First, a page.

Tonally compatible with "Girls," but a lot less whiny, "Looking" has a strong indie-film sensibility, including a serialized narrative that's less episodic than being simply an ongoing story split into half-hour installments. Focusing on a trio of gay friends in San Francisco, it would be easy to mischaracterize this as another "Queer as Folk," but the show quickly establishes a voice and characters that firmly stand on their own. In that regard, this half-hour does more than just capitalize on the license of pay cable, and while it's obviously not for everyone, "Looking" deserves to be found.
At its core, the show centers on tension between commitment-free hookups and the more painstaking search for serious relationships, with Patrick (Jonathan Groff, the stage star who had a recurring gig on "Glee") serving as the de facto tour guide. At 29, Patrick has a career as a videogame designer, but spends part of his time at work surfing matchmaking sites, and he tends to agonize over little things, like whether he can pursue a guy from a different socioeconomic background -- a part-time doorman (Raul Castillo) at a Latin drag club.
Dom (Murray Bartlett), a waiter at a high-end restaurant on the verge of turning 40, is still promiscuous, while seeing his dream of opening his own eatery slipping away.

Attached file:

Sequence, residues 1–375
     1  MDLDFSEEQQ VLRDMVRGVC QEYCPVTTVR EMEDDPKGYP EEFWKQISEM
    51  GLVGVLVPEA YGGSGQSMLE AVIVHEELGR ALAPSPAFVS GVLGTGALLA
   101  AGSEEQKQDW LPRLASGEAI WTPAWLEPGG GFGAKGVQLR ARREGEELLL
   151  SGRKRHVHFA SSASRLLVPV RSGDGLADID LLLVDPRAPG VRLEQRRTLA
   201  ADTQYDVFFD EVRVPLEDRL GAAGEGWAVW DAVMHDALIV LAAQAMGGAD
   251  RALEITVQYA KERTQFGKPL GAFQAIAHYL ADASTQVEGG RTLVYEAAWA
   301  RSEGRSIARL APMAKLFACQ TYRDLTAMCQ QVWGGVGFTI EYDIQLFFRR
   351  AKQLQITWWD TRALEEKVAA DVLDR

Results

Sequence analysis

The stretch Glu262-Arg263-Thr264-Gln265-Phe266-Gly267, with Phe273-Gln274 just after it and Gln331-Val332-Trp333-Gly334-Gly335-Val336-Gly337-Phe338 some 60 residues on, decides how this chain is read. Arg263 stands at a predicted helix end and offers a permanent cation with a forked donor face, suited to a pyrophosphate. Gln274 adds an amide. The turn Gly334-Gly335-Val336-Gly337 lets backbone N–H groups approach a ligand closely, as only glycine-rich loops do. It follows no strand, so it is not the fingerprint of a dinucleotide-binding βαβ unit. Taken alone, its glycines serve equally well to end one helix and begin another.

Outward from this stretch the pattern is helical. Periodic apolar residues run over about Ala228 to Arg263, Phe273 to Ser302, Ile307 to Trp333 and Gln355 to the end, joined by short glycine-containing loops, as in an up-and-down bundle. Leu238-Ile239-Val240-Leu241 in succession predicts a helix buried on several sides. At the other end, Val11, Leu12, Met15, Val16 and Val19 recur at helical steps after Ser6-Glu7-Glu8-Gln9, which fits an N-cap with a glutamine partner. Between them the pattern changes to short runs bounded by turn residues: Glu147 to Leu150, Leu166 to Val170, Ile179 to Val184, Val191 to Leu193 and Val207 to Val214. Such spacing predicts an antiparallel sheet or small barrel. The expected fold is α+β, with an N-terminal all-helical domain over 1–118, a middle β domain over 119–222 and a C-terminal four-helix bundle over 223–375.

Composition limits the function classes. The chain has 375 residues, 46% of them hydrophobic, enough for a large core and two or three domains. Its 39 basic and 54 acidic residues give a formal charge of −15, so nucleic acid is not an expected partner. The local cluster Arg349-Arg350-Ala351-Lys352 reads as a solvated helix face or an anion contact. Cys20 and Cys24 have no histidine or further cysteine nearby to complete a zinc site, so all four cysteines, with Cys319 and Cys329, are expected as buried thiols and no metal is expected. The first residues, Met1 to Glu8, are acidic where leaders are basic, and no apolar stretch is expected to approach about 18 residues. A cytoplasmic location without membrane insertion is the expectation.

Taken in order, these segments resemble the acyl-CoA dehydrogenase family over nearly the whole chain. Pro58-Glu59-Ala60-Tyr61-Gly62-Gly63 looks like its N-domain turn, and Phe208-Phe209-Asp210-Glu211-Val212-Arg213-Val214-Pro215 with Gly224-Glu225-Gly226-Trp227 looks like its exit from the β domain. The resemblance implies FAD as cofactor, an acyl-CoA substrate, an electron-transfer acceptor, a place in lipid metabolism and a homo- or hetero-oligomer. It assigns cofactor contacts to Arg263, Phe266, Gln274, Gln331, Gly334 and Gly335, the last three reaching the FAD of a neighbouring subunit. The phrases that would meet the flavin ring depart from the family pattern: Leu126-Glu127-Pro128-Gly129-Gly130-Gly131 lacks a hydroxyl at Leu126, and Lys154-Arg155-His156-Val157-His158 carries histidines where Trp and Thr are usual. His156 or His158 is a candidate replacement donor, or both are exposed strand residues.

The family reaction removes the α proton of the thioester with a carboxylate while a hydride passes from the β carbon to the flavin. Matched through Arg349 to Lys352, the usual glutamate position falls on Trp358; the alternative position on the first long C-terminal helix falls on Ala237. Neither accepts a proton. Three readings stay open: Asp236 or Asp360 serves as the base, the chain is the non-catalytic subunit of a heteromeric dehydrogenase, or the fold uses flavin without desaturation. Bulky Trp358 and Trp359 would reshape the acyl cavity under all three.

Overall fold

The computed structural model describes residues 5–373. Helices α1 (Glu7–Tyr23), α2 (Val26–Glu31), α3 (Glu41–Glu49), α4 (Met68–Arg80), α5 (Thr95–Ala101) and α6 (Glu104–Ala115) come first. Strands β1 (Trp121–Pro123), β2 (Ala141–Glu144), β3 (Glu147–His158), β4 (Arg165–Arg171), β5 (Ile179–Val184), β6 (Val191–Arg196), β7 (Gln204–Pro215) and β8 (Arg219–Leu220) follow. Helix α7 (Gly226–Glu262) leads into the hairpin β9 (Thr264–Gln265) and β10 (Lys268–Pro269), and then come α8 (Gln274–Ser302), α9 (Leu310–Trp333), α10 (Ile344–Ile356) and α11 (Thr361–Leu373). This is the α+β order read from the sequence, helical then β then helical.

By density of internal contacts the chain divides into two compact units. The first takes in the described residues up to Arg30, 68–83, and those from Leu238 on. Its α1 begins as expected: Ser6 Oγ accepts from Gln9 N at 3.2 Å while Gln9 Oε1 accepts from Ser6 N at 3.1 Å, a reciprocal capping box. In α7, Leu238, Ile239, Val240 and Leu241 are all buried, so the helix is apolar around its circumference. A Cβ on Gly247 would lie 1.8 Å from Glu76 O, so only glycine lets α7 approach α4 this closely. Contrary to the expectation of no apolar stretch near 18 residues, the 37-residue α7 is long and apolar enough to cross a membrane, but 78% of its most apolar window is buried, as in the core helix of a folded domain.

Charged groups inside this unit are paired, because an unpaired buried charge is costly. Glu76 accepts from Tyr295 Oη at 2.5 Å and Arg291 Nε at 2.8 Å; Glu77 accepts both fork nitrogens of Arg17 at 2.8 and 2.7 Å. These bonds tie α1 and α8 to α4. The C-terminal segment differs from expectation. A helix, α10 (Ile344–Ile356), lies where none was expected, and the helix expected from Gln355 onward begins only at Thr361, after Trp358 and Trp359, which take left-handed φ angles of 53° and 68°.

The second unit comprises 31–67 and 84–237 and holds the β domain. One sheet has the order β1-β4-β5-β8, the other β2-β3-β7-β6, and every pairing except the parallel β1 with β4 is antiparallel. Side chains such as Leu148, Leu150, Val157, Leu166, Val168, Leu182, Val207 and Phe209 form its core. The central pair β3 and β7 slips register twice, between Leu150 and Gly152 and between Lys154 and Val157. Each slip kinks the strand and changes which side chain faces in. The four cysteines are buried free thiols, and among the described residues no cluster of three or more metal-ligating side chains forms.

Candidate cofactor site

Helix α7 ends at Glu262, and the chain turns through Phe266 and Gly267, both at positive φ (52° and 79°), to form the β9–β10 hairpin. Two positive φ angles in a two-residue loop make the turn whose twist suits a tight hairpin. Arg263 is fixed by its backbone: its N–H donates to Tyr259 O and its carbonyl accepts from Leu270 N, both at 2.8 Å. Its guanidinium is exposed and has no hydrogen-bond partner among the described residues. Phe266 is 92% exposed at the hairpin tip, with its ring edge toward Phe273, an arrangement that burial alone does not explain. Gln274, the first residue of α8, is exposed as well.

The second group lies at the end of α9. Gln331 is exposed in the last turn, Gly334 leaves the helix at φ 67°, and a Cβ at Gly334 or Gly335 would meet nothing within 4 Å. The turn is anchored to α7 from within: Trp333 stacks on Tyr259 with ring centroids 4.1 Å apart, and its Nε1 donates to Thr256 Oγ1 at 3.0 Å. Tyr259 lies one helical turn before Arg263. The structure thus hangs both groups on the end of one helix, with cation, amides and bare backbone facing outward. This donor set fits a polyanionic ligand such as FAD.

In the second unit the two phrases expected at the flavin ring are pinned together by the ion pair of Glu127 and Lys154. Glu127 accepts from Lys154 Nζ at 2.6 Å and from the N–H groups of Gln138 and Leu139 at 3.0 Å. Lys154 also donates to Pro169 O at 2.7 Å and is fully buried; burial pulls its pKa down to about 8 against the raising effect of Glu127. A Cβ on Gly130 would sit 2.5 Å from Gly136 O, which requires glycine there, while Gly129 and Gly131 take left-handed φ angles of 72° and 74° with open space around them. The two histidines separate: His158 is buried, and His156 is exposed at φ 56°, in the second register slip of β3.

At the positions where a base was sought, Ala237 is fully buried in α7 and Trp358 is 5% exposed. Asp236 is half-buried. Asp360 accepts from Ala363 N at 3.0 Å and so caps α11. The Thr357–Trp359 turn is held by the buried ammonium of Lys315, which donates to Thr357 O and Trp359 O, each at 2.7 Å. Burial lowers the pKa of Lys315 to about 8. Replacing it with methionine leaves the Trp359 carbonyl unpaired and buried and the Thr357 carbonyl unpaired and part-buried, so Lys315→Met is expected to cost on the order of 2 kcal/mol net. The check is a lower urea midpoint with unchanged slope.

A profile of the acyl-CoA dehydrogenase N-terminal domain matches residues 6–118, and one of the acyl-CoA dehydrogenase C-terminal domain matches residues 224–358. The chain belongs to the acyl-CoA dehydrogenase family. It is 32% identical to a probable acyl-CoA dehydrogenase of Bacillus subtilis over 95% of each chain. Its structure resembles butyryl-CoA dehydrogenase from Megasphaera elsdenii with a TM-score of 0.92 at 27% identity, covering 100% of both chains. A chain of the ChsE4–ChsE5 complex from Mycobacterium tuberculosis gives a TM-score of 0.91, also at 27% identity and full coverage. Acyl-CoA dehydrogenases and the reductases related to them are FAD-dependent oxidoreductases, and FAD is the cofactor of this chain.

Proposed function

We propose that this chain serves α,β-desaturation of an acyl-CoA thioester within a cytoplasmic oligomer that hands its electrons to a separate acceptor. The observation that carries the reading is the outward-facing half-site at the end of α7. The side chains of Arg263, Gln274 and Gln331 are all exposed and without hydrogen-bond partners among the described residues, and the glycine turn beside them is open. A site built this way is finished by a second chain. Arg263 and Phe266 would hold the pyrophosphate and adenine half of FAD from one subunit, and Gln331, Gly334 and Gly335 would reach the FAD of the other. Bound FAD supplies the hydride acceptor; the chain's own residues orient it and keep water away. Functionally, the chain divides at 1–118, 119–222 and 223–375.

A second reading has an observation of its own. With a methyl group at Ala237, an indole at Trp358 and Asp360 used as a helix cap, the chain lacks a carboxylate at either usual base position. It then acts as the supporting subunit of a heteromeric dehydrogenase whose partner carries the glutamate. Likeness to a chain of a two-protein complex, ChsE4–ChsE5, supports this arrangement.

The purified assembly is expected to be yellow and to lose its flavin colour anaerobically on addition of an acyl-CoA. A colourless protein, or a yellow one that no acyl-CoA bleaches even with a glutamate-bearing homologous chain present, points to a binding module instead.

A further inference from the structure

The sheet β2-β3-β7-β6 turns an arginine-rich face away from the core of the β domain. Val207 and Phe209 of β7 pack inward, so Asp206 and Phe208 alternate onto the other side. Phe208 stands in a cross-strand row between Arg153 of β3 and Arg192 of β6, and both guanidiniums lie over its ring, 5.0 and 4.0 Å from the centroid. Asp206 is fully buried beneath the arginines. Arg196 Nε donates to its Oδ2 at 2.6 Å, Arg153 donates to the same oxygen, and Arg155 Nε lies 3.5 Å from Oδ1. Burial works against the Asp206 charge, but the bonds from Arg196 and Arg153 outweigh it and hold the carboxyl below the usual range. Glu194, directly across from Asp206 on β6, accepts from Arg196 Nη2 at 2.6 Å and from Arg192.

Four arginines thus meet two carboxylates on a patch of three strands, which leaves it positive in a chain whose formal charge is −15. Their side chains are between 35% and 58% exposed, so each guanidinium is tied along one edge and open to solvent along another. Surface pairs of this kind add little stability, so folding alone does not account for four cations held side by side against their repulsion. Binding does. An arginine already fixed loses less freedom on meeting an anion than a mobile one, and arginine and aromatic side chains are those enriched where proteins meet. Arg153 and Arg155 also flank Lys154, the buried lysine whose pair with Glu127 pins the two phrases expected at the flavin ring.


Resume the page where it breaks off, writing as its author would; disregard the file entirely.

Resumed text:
"You look good for your age," Dom is told at one point, one of those compliments that, in this context, comes with a serrated edge.
Spearheaded by writer Michael Lannan and Andrew director Haigh, "Looking" doesn't break new ground, although it does take the license one would expect of an HBO series, and the sex scenes, while infrequent, are explicit and raw. Yet the show gets past that aspect, in part because, unlike "Girls," it feels less self-conscious about being provocative, with the situations flowing organically out of the characters.
It is also, happily, occasionally pretty funny -- something of an afterthought in many single-camera cable half-hours -- such as a moment when Patrick earnestly quotes the "Golden Girls" theme song to one of his buddies.
HBO has been guilty over a recent stretch of feeling a bit too narrow in its development of comedy series, and given the subject matter, "Looking" would appear to fit that description.
Get past the log line, though, and this is a show with a strongly universal quality to its themes -- foremost among them being what people sacrifice in the way of freedom and excitement as they look for love, or a longtime companion, in at least some of the wrong places.
TV Review: HBO's 'Looking'
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